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Speaking prior to yesterday’s IHF Conference on Prevention of CDV, Prof Ian Graham said: “Traditionally, healthcare professionals are seen as treating disease. But they should also have the skills to assess CVD risk and to advise people on the healthy lifestyle choices that can reduce risk and help them to avoid our leading cause of death.”
He added: “Despite pressure on the curricula for all healthcare professional study and training, there is an urgent need to ensure that the role of prevention is not lost. Students need to acquire the skills to intervene effectively with patients on sensitive and complex lifestyle behaviours such as overweight, diet, inactivity or high alcohol consumption.”
In comments at the conference, held in Dublin, WHO Expert Dr Shanthi Mendis warned that no government could ignore the rising burden of non-communicable diseases (NCDs) like heart disease and stroke.
Dr Mendis emphasised the need for country action to tackle key risk factors, such as insufficient physical activity, harmful use of alcohol, salt/sodium intake, tobacco use and hypertension.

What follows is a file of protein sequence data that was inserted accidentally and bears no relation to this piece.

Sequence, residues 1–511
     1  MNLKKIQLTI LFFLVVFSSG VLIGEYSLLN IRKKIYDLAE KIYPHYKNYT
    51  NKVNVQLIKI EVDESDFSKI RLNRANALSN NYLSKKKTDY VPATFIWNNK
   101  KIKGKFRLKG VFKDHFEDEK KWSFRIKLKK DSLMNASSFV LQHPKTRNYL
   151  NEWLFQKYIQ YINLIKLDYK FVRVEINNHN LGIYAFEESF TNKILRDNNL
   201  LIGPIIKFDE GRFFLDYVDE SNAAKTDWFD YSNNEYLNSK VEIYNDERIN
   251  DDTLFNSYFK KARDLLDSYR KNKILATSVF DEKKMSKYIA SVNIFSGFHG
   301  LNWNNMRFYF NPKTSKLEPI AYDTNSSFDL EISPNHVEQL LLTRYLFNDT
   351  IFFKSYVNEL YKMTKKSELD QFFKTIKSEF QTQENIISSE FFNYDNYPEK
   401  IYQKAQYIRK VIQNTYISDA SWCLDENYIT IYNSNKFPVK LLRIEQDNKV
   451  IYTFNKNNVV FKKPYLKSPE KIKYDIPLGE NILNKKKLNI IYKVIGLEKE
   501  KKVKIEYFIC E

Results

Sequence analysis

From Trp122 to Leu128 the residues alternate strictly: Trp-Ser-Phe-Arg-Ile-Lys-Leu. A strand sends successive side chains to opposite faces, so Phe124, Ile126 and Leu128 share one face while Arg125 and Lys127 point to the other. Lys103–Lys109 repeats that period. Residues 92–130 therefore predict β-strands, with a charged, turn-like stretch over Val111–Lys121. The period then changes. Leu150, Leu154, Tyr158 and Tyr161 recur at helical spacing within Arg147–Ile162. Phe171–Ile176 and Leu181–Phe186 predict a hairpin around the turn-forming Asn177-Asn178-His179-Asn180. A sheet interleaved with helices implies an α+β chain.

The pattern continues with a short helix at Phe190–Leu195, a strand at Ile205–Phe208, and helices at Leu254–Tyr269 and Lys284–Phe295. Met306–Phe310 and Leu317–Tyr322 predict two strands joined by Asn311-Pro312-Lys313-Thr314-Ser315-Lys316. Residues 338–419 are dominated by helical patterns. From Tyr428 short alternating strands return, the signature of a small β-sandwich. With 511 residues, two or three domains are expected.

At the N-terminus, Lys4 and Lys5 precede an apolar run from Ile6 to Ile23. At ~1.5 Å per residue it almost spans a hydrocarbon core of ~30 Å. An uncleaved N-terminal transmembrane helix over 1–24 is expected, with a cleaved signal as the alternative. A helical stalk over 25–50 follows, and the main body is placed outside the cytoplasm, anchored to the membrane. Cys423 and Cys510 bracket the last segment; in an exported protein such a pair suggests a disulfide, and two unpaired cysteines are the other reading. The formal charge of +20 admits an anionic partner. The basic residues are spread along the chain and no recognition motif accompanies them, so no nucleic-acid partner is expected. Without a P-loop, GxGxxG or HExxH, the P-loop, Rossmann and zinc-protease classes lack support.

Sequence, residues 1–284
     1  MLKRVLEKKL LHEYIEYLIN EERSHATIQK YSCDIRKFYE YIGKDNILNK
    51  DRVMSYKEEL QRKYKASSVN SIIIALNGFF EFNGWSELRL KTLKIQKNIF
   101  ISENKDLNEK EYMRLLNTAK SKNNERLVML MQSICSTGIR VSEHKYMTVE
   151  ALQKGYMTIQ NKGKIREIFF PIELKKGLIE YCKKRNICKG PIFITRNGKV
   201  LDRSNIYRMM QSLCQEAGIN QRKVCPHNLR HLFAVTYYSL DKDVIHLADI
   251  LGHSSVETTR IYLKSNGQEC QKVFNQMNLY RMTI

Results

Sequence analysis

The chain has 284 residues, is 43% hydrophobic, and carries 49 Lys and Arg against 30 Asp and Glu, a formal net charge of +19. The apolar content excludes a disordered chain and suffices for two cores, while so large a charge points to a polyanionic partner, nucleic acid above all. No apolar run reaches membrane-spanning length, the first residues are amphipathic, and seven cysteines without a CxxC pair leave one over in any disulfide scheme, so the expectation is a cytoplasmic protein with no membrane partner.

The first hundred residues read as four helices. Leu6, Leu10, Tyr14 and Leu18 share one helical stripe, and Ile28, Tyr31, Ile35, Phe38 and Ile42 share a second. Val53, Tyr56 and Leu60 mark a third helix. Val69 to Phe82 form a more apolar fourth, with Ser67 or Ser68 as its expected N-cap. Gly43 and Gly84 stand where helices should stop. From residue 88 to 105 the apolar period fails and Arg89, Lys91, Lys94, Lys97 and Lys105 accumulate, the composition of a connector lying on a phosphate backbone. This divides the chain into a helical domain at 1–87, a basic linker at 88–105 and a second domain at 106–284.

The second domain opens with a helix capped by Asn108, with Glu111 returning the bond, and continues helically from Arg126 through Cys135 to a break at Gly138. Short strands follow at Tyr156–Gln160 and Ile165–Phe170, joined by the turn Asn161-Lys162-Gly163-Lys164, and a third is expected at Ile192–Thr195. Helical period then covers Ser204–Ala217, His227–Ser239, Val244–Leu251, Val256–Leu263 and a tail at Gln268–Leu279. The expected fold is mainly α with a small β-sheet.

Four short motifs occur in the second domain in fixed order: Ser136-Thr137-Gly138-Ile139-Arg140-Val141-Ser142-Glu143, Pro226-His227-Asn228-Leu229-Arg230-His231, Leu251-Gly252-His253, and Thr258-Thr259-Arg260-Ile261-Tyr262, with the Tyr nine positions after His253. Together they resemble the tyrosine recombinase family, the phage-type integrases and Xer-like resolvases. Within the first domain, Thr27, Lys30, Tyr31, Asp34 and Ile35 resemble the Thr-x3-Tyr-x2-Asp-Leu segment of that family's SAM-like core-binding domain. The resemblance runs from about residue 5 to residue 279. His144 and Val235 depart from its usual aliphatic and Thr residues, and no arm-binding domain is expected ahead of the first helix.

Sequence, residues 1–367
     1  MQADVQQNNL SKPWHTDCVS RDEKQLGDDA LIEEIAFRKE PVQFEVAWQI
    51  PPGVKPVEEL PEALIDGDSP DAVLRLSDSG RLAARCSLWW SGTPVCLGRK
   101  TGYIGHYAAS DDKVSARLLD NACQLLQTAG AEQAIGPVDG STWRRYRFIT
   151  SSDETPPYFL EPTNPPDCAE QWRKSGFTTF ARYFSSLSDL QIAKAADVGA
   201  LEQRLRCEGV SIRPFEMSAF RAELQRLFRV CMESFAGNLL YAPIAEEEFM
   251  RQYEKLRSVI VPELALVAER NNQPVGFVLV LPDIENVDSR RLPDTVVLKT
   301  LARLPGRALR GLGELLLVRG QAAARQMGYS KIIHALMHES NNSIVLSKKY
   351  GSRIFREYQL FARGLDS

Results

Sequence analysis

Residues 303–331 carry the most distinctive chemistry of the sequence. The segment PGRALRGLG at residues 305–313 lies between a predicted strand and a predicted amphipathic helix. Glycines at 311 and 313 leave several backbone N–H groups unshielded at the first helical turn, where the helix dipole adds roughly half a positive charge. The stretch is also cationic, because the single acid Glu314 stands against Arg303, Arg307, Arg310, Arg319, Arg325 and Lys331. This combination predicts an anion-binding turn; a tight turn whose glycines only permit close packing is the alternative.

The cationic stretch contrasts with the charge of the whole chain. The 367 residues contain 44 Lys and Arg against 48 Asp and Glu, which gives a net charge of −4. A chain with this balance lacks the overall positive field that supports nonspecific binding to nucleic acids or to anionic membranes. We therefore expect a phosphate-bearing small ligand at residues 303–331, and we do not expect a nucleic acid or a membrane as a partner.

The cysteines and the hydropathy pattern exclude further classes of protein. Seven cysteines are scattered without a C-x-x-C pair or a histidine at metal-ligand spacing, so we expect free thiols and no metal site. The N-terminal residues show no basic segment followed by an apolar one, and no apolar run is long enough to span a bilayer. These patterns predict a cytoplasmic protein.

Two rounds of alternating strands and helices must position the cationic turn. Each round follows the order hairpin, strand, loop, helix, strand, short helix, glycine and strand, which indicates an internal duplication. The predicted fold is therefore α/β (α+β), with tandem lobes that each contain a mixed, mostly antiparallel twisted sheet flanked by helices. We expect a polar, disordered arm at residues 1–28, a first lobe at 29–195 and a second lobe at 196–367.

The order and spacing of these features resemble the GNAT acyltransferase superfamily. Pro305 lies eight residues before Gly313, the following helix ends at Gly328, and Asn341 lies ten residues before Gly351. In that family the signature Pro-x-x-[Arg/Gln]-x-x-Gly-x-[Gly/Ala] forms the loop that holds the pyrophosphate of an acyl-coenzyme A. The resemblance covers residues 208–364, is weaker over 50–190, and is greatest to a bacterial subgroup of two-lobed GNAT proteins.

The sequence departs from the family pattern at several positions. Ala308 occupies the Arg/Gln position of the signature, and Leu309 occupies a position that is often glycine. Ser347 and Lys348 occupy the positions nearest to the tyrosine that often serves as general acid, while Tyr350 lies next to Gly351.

“While individual behaviour change is important, tackling NCDs definitively requires leadership at the highest levels of government, policy development that involves all government departments, and progress towards universal health coverage,” he added.
Cardiovascular disease remains the leading cause of NCD deaths worldwide, responsible for 17.5 million deaths globally.
In Ireland, cardiovascular disease is the number one cause of death. One in three people die from it and it claims almost 10,000 lives per annum.
Also addressing the conference, Minister for Health, Leo Varadkar TD said the Government was committed to doing more to tackle chronic disease including cardiovascular disease.
“This includes measures like extending GP care without fees to people over 70. I am also keen that better management of chronic disease in primary care should be a key feature of the new GP contract. We are also pushing ahead with important public health measures that will reduce the burden of chronic disease including action on alcohol, smoking and obesity and actions to promote greater physical activity.”